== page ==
$36.00 donated in past month
From the Open-Publishing Calendar
From the Open-Publishing Newswire
Indybay FeatureRelated Categories: California | Santa Cruz Indymedia | U.S. | Education & Student Activism
What’s March 4 Looking Like So Far?
Reports from the field are still scattered and incomplete, but a picture of the March 4 Day of Action is beginning to come into focus.
Dozens of campuses are reporting rallies and actions, and dozens more have announced plans for forums, teach-ins, and other events. I’ve learned of a number of actions that weren’t on my national map as of last night, and there are surely more I haven’t heard about yet. This is big.
California is clearly leading the way, as it has since this movement began to bubble up last semester. The biggest, best-organized, and most dramatic actions reported so far are all happening in the Golden State.
In part that’s a reflection of the depth of the crisis facing California higher education right now, but it’s also a reflection of the head start that California’s campus organizers have compared to the rest of the country. Almost every campus reporting huge demonstrations today has seen multiple rallies and protests over the last few months. (The California schools that have not been active before today are generally reporting actions that resemble those taking place in the rest of the nation.)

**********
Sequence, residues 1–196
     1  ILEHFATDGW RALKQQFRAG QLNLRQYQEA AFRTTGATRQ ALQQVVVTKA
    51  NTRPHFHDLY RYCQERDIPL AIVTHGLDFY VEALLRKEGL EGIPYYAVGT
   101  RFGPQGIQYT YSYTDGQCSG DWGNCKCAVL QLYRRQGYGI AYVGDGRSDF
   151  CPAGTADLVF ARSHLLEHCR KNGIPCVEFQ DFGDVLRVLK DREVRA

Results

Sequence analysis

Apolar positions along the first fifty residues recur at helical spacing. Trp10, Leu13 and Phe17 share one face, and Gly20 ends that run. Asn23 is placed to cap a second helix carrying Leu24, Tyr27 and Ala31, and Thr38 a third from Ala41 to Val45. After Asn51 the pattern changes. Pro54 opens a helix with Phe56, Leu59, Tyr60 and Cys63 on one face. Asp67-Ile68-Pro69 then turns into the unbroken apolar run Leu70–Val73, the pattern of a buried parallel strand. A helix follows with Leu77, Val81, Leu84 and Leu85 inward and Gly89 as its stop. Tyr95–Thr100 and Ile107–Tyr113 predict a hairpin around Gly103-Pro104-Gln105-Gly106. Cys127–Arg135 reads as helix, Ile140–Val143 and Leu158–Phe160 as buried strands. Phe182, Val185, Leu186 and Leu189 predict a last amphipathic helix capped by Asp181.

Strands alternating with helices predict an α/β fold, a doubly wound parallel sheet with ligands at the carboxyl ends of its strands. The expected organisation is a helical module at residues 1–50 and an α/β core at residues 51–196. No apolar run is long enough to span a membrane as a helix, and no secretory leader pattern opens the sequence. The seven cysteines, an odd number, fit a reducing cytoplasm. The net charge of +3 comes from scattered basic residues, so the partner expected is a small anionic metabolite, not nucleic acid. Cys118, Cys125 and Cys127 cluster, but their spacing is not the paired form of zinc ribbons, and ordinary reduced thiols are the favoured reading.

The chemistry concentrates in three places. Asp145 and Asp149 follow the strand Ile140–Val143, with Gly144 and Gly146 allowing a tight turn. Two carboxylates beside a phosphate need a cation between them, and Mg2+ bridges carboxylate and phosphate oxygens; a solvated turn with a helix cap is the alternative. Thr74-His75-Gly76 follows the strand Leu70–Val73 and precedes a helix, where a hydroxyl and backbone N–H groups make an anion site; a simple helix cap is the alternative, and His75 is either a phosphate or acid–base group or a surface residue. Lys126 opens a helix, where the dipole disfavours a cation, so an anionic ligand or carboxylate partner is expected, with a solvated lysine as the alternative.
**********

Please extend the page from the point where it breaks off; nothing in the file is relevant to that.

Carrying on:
This gap between the ten or fifteen most active California campuses and the hundred or so others taking part in today’s events suggests that for many activists today is a beginning rather than a culmination, and indeed students at more than a few campuses have portrayed today’s rallies as kickoff events for upcoming campaigns.
Students are looking to jump-start their local movements today, and with some traditionally quiet campuses reporting participation measuring in the hundreds of students, they may have done just that.
Last September’s co-ordinated protests at the ten campuses of the University of California system were followed by a statewide lull that lasted for several weeks — it was not until November that the state’s organizing began to pick up momentum. But I will be surprised if the aftermath of today’s protests follows a similar pattern.
Students from coast to coast are feeling their power today. They are envisioning themselves as part of a movement, many for the first time. The next few hours will no doubt be very interesting, but I expect that the days and weeks that follow will be too.